Alabama is one of the few states that prohibits most non-compete provisions in employment contracts for professionals, which include physicians. Specifically, the courts held that statutory exemptions allowing non-competes in employment contracts do not apply to professionals and that physicians and other medical providers are professionals under state law.
While the state does not have statutory authority for review or approval of provider mergers, Alabama is the site of a major private antitrust enforcement action against health insurer Blue Shield/Blue Cross. Healthcare providers and individual and small-employer customers separately sued BCBS of Alabama in 2013, alleging horizontal market allocation and conspiracy to divvy up insurance markets all over the country in violation of Section 1 of the Sherman Antitrust Act. The lawsuits were consolidated as MDL in the Northern District of Alabama, which held that the alleged practice of creating exclusive territories is a “per se” violation of the Sherman Antitrust Act and would be subject to the highest legal standard. After the 11th Circuit upheld the decision, BCBS agreed to a settlement agreement with employer subscribers that would pay $2.7 billion to the class plaintiffs, in addition to modification of alleged anticompetitive practices.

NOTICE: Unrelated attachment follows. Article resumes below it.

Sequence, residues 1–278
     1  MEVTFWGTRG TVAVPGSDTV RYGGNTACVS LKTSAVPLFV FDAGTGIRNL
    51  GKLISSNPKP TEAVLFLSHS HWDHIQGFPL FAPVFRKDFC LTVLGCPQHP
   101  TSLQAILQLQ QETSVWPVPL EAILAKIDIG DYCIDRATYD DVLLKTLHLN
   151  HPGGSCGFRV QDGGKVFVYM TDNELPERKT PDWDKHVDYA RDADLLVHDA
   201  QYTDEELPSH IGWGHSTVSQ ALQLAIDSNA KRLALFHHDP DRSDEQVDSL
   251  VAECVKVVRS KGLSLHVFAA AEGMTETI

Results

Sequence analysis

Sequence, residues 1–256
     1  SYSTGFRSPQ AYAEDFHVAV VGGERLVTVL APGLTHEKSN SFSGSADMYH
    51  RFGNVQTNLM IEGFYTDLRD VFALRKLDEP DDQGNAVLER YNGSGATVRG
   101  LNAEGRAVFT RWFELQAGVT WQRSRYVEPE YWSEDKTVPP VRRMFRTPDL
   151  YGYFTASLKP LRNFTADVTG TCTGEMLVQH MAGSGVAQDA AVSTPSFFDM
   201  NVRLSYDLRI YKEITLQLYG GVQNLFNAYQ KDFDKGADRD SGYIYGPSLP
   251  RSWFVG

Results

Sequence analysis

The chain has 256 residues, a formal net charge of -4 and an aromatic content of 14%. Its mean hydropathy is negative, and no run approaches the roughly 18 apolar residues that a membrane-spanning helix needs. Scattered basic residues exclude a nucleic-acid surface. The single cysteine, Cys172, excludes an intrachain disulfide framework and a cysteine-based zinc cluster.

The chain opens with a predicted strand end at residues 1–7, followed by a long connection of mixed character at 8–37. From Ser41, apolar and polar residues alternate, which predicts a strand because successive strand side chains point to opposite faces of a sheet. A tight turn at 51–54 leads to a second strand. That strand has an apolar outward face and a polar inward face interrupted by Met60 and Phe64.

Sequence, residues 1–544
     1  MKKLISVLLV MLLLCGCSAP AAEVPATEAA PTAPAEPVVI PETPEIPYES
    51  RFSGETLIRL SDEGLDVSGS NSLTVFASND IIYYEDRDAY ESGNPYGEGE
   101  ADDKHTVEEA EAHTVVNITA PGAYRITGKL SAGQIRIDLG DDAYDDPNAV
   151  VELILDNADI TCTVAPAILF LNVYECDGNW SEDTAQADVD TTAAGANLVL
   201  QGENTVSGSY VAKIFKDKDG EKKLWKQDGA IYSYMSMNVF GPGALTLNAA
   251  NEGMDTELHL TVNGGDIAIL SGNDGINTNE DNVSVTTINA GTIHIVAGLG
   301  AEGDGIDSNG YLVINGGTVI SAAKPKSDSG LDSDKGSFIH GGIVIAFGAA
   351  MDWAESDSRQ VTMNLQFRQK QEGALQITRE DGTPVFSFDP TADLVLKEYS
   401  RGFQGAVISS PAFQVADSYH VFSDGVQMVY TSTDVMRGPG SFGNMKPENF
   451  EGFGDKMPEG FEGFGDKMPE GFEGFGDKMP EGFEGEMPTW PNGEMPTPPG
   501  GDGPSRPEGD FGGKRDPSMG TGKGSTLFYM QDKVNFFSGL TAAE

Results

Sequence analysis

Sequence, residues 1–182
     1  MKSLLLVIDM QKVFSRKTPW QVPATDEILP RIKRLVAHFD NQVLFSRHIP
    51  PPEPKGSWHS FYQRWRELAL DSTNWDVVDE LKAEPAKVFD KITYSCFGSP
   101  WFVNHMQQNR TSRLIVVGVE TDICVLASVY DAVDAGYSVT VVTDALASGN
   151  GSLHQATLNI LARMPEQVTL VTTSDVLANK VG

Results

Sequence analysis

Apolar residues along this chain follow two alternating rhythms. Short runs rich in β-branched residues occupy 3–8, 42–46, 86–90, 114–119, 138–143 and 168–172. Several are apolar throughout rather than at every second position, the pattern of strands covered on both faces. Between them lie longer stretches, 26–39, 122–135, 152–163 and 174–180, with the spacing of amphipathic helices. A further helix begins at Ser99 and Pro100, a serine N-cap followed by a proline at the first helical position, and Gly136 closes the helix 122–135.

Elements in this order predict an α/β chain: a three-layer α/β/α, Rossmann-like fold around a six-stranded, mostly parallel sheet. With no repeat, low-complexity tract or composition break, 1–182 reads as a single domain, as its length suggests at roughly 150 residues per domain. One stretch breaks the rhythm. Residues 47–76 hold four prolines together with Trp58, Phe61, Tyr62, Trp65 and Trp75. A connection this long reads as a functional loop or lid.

See below for an overview of existing Alabama state mandates. Click on citation tab for detailed information of specific statutes (click link to download statute text).
Latest Legislative Session: 3/7/2023 - 6/6/2023 (2023 term). *Current session bill updates are ongoing. Check back weekly for updates.
Alabama’s fiscal year runs from October 1 and ends on September 30 of the following year. To view Alabama’s most recent Budget proposal, click here.
REGULATION & ENFORCEMENT
- FTC Review of Community Health Systems / Health Management Associates Merger: In April 2014, the Federal Trade Commission issued its final order in connection with Community Health Systems, Inc.’s proposed $7.6 billion acquisition of rival health system Health Management Associates, Inc. The FTC required Community Health Systems, one of the nation’s largest hospital operators, to divest hospitals and related assets, including outpatient facilities, in Alabama and South Carolina as a condition of the acquisition. Prior to issuing the order, in March 2015, the FTC approved CHS’s sale of a Gadsen hospital in accordance with its order. Find the FTC case summary and related documents here.